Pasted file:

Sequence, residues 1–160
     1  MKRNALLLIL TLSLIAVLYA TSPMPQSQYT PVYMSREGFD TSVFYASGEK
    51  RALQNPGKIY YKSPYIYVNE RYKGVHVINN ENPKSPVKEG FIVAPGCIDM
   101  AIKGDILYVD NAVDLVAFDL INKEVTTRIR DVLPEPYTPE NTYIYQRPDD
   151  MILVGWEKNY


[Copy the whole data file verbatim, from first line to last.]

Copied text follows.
Sequence, residues 1–160
     1  MKRNALLLIL TLSLIAVLYA TSPMPQSQYT PVYMSREGFD TSVFYASGEK
    51  RALQNPGKIY YKSPYIYVNE RYKGVHVINN ENPKSPVKEG FIVAPGCIDM
   101  AIKGDILYVD NAVDLVAFDL INKEVTTRIR DVLPEPYTPE NTYIYQRPDD
   151  MILVGWEKNY